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Am J Physiol Regul Integr Comp Physiol. 2008 Sep;295(3):R906-15. doi: 10.1152/ajpregu.00164.2008. Epub 2008 Jun 25.

Lower uterine artery blood flow and higher endothelin relative to nitric oxide metabolite levels are associated with reductions in birth weight at high altitude.

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1
Altitude Research Center, Dept. of Surgery, Division of Emergency Medicine, Univ. of Colorado Denver, 12469 East 17th Place, Bldg. 400, Aurora, Colorado 80045, USA. colleen.julian@uchsc.edu

Abstract

Reduced uteroplacental blood flow is hypothesized to play a key role in altitude-associated fetal growth restriction. It is unknown whether reduced blood flow is a cause or consequence of reduced fetal size. We asked whether determinants of uteroplacental blood flow were altered prior to reduced fetal growth and whether vasoactive and/or angiogenic factors were involved. Women residing at low (LA; 1,600 m, n = 18) or high altitude (HA; 3,100 m, n = 25) were studied during pregnancy (20, 30, and 36 wk) and 4 mo postpartum (PP) using Doppler ultrasound. In each study, endothelin (ET-1), nitric oxide metabolites (NO(x)), soluble fms-like tyrosine kinase (sFlt-1) and placental growth factor (PlGF) levels were quantified. At HA, birth weights were lower (P < 0.01) and small-for-gestational age was more common (P < 0.05) compared with LA. HA was associated with lower uterine artery (UA) diameter (P < 0.01) and blood flow (P < 0.05). Altitude did not affect ET-1, sFlt-1 or PlGF; however, ET-1/NO(x) was greater and NO(x) lower during pregnancy and PP at HA vs. LA. ET-1/NO(x) was negatively associated with birth weight (20 wk, P < 0.01; 36 wk, P = 0.05) at LA and HA combined. At HA, UA blood flow (30 wk) was positively associated with birth weight (dagger). UA blood flow and ET-1/NO(x) levels accounted for 45% (20 wk) and 32% (30 wk) of birth weight variation at LA and HA combined, primarily attributed to effects at HA. We concluded that elevated ET-1/NO(x) and altered determinants of uteroplacental blood flow occur prior to altitude-associated reductions in fetal growth, and therefore, they are likely a cause rather than a consequence of smaller fetal size.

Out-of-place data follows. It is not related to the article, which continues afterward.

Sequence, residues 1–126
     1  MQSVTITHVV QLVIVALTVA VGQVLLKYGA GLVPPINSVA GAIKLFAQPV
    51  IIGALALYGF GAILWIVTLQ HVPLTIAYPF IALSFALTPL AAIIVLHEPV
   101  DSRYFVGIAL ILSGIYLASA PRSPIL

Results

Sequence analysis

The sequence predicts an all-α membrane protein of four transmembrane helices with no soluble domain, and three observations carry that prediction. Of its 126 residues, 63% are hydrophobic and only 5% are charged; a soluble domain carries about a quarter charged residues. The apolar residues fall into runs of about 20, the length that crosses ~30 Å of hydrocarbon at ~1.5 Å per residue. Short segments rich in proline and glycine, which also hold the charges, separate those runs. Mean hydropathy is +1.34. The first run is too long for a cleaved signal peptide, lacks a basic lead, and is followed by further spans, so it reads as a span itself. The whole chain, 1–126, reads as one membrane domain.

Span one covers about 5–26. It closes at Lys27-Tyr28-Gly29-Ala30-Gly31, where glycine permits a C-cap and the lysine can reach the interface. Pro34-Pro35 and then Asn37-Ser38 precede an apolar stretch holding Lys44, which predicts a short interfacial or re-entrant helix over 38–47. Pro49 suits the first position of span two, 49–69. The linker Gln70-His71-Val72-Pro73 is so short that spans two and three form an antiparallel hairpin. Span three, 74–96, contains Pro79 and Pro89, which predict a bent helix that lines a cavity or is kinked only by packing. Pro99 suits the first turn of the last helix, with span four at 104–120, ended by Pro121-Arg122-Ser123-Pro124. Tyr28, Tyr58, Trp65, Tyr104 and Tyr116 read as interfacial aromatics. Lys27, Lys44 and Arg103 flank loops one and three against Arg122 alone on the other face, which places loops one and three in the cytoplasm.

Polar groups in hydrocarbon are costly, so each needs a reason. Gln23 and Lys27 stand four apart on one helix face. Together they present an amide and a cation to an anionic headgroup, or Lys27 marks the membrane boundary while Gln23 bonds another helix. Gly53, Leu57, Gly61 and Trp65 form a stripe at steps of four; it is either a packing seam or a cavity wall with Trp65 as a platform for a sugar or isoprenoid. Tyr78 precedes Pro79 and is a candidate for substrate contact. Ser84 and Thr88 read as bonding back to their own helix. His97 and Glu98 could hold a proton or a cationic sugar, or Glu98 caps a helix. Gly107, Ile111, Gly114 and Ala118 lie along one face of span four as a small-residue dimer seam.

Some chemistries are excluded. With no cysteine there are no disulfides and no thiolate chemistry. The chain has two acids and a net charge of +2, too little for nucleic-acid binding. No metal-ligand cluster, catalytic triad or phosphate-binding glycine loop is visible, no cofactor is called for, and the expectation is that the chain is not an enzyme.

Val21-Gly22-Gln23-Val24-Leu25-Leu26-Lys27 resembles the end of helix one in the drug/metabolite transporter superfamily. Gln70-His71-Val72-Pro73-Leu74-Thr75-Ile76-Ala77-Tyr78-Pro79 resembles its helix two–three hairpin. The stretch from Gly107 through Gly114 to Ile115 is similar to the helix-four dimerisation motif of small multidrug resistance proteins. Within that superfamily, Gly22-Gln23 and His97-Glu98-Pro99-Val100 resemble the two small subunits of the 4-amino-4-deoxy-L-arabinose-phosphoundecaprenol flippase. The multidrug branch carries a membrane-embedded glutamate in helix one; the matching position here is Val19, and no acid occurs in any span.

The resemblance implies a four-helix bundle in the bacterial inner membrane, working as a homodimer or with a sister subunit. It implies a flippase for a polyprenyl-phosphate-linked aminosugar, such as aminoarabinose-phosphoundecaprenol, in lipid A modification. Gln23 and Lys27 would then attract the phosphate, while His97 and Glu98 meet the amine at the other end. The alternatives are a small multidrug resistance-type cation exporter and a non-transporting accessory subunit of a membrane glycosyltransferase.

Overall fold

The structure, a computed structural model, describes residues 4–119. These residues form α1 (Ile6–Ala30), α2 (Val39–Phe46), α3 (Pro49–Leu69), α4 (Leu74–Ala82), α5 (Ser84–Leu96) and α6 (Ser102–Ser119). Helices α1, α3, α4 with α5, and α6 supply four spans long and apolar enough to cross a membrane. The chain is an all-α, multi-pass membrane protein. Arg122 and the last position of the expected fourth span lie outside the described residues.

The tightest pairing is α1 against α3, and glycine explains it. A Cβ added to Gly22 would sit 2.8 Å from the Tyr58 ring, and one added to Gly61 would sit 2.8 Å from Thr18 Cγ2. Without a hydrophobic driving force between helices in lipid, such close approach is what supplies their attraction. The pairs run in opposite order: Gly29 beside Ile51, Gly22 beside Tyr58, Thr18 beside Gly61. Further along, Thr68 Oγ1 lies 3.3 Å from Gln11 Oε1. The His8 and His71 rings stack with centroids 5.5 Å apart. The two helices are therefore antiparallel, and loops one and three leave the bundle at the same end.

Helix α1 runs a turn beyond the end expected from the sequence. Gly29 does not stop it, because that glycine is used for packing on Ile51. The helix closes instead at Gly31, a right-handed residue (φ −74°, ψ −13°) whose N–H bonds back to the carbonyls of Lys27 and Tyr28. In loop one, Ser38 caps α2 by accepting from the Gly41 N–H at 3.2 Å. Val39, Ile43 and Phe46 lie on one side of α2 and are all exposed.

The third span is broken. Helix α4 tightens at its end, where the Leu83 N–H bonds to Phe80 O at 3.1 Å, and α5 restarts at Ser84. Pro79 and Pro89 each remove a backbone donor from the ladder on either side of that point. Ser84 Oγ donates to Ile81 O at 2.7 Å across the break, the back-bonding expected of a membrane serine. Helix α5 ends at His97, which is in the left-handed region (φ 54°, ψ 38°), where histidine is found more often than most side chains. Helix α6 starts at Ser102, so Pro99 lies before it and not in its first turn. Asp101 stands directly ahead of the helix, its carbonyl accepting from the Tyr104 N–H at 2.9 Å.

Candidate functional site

PMID:
18579652
PMCID:
PMC2536855
DOI:
10.1152/ajpregu.00164.2008
[Indexed for MEDLINE]
Free PMC Article
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